Sturzebecker Health Sciences Center
855 S. New Street
West Chester, PA 19383
Dr. Christine Karpinski
Chair of Nutrition
Dr. Mary Beth Gilboy
Dr. Joanne Christaldi
Director, DPD Concentration (Undergraduate)
Dr. Kimberly Johnson
Director, Sustainable Food Systems
Management Concentration (Undergraduate)
Dr. Alessandra Sarcona
Director, Lifestyle Nutrition Concentration (Undergraduate)
The Bachelor of Science in Nutrition Degree from West Chester University offers students the most flexibility in career paths within the field of nutrition by offering three concentrations:
Didactic Program in Dietetics
Sustainable Food Systems Management
The curriculum for all first-year students is the same, so ideally students will select a concentration when they are scheduling courses for their third semester. All students should work with their academic advisor to help choose which curriculum they will follow.
The Didactic Program in Dietetics (DPD) concentration is accredited by the Accreditation Council for Education in Nutrition and Dietetics (ACEND) so that students who complete the program are eligible to obtain a Dietetic Internship or similar supervised practice experience to pursue the Registered Dietitian-Nutritionist credential (RD/RDN). A career in Dietetics includes the practice of medical nutrition therapy, community nutrition, or food service management.
The mission of the Didactic Program at West Chester University is to provide quality education that prepares students for supervised practice leading to eligibility for the CDR credentialing exam to become a registered dietitian nutritionist. The learning environment is structured to promote an appreciation for life-long learning, purposeful self-reflection, effective problem solving, and teamwork.
The three goals for the ACEND accredited BS in Nutrition and Dietetics (DPD Program) are:
Goal 1: Graduate individuals who are well-prepared in foods and nutrition, clinical and community nutrition, education and research, and foodservice and nutrition systems management.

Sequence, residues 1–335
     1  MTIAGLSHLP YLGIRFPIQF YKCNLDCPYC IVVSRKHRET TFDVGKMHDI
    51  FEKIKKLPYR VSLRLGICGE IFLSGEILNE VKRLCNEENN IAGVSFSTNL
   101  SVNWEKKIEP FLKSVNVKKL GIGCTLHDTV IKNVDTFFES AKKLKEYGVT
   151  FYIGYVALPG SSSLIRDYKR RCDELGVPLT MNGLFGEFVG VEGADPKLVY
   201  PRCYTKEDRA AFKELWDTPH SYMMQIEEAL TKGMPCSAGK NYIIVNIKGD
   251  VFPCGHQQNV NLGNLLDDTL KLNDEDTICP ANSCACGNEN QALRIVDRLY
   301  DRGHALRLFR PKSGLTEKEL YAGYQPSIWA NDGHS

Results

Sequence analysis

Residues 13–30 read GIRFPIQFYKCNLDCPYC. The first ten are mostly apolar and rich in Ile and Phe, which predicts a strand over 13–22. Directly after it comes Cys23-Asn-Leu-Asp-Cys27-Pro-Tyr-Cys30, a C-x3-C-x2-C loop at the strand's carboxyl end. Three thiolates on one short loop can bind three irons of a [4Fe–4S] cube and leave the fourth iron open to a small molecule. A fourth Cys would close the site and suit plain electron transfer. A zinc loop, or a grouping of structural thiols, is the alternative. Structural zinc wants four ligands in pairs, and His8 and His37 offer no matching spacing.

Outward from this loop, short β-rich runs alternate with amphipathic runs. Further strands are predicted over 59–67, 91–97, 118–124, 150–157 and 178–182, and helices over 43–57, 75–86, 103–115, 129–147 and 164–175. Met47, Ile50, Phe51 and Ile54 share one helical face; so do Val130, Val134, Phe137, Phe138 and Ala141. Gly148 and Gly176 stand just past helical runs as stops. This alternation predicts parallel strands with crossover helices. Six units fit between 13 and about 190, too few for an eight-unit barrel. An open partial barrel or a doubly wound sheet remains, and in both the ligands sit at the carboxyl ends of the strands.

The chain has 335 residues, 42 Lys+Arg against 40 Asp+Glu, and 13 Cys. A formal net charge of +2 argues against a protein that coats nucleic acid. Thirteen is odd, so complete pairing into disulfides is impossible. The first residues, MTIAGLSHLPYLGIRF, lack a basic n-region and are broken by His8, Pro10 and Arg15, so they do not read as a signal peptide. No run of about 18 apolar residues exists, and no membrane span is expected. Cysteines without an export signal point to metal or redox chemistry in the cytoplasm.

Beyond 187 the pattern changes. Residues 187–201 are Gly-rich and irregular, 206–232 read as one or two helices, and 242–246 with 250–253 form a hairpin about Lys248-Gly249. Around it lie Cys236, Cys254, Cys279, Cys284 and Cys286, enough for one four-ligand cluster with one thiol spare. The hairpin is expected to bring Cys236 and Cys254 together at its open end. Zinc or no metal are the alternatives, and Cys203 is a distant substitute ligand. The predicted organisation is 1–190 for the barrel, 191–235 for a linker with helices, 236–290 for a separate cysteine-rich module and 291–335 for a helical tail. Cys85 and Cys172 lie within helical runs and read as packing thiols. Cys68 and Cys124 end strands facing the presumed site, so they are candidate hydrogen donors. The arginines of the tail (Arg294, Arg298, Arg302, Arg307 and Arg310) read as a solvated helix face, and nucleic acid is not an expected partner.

Objective 1.1: A minimum 90% of students will complete the program/degree requirements within 150% (6 years) of the program’s length.
Objective 1.2: A minimum overall mean score of 3.0 on senior satisfaction with courses and instruction.
Objective 1.3: A minimum of 70% of DI directors surveyed will record that the program prepared interns “extremely well” or “very well” for the supervised practice program.
Goal 2: To prepare students to be eligible for supervised practice programs, graduate school, or employment.
Objective 2.1: A minimum of 30% of students in the program will apply for supervised practice within one year (12 months) of graduation.
Objective 2.2: A minimum of 50% of students applying for supervised practice will obtain them within one year (12 months) of graduation.
Objective 2.3: A minimum 80% RD exam first-time pass rate.
Objective 2.4: A minimum of 75% of alumni will record that the program was "extremely effective" or "very effective" in preparing them for employment.
Objective 2.5: A minimum of 70% of alumni will be employed in foodservice, nutrition, dietetics or another health-related field.
Goal 3: Provide a strong education in the basic sciences to enable graduates to work effectively with other health professionals and form the basis for graduate study.
Objective 3.1: A minimum of 80% of alumni will answer that they felt “excellent” or “good” for the degree to which the program educated and prepared them for the science of nutrition.
Objective 3.2: A minimum of 60% of alumni will indicate that their basic science background was "excellent" or "good" for the degree to which the program helped them work with other health professionals.